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Baker City's Gold Pan Clan
By LISA BRITTON
Of the Baker City Herald
The secret to panning gold is all in your attitude.
"It's yellow scrap metal you can't lose what you never had," says Ken Martin of Baker City, last year's champion of the Miners Jubilee gold panning contest.
Ken's son, Joe, panned into first place the year before.
"We're just trading first place back and forth," Joe says.
Now there's a younger up-and-coming competitor in the family Ken's grandson, Austin Harmon, won both the children's and amateur titles last year.
Harmon panned out the three nuggets in 37 seconds.
Ken's winning time was 43 seconds.
This year, Harmon, 12, will enter the professional and amateur divisions.
"He'll probably beat us," Ken laughs.
And Ken is the one who taught Harmon, Joe and the rest of his family the art of panning gold.
"I've taught all my kids how to pan gold and now I'm working on my grandkids," he says.
The gold panning championship is based on time and precision.
"As soon as you grab that pan they start the watch," Ken says.
Each contestant pans out the dirt until they reach the prized fake gold nuggets.
The one who is quickest to uncover the three nuggets is declared the winner.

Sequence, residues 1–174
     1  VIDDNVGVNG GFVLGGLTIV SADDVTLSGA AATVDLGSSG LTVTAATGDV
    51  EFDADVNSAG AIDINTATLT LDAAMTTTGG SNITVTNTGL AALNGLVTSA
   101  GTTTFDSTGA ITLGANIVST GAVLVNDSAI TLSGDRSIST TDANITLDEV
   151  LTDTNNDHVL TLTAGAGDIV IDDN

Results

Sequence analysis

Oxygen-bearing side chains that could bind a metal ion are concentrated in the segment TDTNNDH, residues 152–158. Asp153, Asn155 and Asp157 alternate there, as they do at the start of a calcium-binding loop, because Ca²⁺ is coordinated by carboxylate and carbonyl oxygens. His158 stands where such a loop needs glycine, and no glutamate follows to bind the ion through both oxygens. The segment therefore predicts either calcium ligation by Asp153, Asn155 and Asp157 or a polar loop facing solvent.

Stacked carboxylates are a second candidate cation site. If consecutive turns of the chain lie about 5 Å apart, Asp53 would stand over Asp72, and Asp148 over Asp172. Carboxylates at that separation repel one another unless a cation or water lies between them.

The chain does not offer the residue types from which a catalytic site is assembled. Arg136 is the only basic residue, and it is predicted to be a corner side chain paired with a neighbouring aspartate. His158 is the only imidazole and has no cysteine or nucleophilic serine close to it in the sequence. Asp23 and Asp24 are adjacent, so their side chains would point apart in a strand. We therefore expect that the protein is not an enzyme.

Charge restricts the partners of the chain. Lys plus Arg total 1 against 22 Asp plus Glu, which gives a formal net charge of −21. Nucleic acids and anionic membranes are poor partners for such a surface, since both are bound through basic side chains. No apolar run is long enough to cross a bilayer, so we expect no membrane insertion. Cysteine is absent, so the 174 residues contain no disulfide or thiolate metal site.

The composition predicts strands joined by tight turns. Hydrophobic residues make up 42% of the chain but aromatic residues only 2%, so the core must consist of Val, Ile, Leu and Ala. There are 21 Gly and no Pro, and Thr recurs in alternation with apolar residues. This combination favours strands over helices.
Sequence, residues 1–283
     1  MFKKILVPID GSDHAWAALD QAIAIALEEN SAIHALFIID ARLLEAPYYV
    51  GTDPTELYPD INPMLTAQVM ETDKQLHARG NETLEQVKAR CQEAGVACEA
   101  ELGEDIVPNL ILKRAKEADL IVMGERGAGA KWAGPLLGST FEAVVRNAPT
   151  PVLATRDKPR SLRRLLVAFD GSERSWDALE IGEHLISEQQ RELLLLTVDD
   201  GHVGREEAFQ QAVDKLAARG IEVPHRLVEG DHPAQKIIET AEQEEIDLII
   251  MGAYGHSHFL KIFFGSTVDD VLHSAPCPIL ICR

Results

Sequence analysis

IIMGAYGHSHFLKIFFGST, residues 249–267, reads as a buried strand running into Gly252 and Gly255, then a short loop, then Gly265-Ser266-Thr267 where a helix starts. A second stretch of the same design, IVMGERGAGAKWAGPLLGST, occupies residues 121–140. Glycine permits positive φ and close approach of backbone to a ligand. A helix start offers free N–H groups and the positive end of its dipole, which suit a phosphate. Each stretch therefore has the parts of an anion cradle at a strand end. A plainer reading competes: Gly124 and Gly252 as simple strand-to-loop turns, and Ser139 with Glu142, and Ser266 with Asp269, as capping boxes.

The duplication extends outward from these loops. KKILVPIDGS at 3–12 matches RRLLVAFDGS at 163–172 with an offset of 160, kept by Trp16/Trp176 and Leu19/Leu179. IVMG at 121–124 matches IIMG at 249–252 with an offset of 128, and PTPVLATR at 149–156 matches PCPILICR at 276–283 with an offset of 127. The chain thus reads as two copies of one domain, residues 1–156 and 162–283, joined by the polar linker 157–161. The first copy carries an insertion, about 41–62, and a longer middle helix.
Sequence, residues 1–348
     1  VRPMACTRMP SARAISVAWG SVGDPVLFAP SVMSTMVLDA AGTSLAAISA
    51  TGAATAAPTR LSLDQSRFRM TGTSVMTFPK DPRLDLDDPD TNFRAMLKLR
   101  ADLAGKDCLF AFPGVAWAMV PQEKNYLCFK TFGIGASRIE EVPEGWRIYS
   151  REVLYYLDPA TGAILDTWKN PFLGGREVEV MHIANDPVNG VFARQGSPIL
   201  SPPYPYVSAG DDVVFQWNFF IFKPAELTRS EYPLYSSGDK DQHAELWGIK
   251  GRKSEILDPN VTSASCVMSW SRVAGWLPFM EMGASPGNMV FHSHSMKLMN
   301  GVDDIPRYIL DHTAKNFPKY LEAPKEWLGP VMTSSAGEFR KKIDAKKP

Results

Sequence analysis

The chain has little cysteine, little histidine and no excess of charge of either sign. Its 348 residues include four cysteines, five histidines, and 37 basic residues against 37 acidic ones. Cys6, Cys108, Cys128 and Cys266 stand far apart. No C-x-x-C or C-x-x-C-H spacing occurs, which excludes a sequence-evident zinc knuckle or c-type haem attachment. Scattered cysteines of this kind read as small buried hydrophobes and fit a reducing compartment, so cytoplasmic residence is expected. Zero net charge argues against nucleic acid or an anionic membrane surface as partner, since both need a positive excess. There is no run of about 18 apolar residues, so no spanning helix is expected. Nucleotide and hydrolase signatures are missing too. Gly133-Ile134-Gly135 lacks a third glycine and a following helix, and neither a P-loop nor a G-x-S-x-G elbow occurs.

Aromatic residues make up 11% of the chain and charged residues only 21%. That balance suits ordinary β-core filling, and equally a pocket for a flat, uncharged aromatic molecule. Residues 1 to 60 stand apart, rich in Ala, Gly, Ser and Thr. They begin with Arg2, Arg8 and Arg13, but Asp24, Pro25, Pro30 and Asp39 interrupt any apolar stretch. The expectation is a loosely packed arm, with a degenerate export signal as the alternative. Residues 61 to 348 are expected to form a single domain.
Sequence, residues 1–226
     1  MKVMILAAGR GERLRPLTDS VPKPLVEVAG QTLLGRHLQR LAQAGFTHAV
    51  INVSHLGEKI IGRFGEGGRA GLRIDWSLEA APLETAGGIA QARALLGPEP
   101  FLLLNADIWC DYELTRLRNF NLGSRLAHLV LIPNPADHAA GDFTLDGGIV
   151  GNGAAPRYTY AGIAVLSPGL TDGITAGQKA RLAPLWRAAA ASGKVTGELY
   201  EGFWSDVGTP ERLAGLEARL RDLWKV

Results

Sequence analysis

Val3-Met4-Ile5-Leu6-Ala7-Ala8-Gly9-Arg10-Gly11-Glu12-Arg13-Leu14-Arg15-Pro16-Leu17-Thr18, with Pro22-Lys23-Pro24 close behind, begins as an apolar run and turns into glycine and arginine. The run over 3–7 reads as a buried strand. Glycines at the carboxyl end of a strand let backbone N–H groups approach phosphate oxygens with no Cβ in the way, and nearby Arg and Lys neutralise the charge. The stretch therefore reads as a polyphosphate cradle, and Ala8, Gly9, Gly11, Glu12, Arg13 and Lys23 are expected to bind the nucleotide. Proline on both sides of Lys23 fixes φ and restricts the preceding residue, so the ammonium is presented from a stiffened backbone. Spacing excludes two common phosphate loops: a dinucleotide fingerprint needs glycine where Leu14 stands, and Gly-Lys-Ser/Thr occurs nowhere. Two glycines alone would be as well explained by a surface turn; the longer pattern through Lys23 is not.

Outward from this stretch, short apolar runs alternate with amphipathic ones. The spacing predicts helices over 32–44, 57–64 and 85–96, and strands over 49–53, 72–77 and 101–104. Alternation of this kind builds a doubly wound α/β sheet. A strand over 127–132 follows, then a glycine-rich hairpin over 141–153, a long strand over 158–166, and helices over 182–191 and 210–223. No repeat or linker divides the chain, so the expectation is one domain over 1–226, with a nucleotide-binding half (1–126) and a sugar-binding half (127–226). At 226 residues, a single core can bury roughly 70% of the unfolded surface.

The three family competitors practiced this week to prepare for the contest.
"I fill a wheelbarrow full of water and get some good gravel and dirt," Ken says.
Add a stopwatch, a pan of sand and No. 6 birdshot to imitate gold nuggets and you're ready.
"If you can recover (birdshot), you can recover gold," he says.
Ken was introduced to gold panning in the late 1960s when he ran across an old miner during Bohemian Mining Days at Cottage Grove.
"We saw an old prospector along the creek digging gold. He showed us how to pan," Ken says.
After a few tries, he was hooked.
"That started it. I bought a gold pan at a secondhand store for $1," he says.
Now his counters and cupboards are stacked with used pans and plastic jars with a few gold flakes settled at the bottom.
He pans whenever he gets the chance or the urge since he moved to Baker City in 1970.
But he's never caught the dreaded "gold fever," he says.
"If you're trying to make a lot, you'll get into trouble. It takes a lot of silver to get a little gold."
The average take for an entire day of panning is six grains, Ken says.
That would now yield about $3.30, or 55 cents a grain, said Terry Karp, owner of Baker Gold and Silver.
In the 1800s the miners received about 5 to 7 cents per grain, Karp said.
"You stop and think that those old-timers were taking out this much gold every day," Ken says, shaking a small vial of gold flakes.
"You don't read about all those who starved to death trying (to get rich)."
Though you might not find every pan chock full of gold, Ken encourages everyone to try recreational panning.
All you need is a shovel, a pick, a pan and a stream.
"Go out and just have fun," he says. "When I'm out digging by myself, almost every pan has a little gold in it."
He's had a few exceptions, of course.
"One time I had a pan of clay, worked on it for two hours and then threw it out," he laughs.
"People call it hard work, but it's a labor of love," he says.